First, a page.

Saturday, March 19, 2011


Daniel Clowes' latest book, Wilson. Image via Drawn and Quarterly

I got this book for my birthday but just read it recently. I wouldn't call it classic Clowes as surprisingly it's his first complete "graphic novel", but more of an expansion of his Ouevre that he's been exploring for years. Despite his other books being compilations of individually printed comics, those books seemed to have a more clear narrative than this one which feels more like a serial comic that's been compiled. I assume that was in part due to the formal story structure Clowes has chosen. What Clowes does with these one-pagers is tell a very complete story with remarkably little. I suppose it's like a great piece of music where the spaces mean as much as the notes. Typical of a Clowes' character, Wilson is a deluded loser but his tale of woe (mostly brought upon himself) is not only sad but incredibly and wickedly funny. Dan Clowes' humour has always been present in his work but I don't know if I had ever laughed out loud as often as I did with this book. Even though there is a repeated form to every page and a formulaic construction of every joke, the last panel was always the dagger that drew laughter (and a little blood). Of course, the writing uses explicit language and humour so it's not exactly a Sunday School Special but fans of Clowes will appreciate both his writing, and seeing his full range and knowledge of the medium as he manipulates comic book clich├ęs and styles in creating Wilson's story.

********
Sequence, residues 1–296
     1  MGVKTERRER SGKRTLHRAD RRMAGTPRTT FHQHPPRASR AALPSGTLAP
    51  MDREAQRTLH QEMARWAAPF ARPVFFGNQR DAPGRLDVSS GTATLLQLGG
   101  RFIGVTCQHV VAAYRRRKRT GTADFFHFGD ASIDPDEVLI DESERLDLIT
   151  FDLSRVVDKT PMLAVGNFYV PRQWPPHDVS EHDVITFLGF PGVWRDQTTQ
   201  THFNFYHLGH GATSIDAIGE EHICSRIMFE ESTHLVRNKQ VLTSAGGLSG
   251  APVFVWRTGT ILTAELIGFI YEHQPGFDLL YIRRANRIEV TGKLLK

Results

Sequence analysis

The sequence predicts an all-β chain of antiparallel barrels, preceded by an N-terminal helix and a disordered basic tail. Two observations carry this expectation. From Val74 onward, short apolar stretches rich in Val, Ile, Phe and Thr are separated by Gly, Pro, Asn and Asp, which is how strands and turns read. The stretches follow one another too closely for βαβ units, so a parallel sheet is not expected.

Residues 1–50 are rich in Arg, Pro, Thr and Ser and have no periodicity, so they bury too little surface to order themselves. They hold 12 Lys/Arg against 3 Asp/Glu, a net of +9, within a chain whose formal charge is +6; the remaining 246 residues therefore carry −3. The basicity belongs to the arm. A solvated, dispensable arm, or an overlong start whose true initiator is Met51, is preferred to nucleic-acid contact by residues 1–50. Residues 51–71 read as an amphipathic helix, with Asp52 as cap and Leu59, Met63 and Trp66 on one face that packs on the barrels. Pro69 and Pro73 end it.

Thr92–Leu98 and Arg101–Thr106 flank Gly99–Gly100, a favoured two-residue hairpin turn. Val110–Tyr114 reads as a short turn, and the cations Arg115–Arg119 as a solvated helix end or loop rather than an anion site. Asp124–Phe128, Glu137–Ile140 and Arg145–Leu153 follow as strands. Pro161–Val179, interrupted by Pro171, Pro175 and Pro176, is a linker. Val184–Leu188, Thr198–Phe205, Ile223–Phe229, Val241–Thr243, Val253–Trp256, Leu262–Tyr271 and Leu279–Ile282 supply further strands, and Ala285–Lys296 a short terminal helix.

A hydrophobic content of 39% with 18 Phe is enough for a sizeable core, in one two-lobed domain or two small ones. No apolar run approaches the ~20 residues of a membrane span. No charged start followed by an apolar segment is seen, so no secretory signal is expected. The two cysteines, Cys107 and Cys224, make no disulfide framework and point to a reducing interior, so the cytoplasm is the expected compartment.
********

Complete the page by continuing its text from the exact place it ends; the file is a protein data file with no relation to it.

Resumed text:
Yeesh, this post is written like a bad weekend review hacked together to meet a Friday night deadline. My most sincere apologies.

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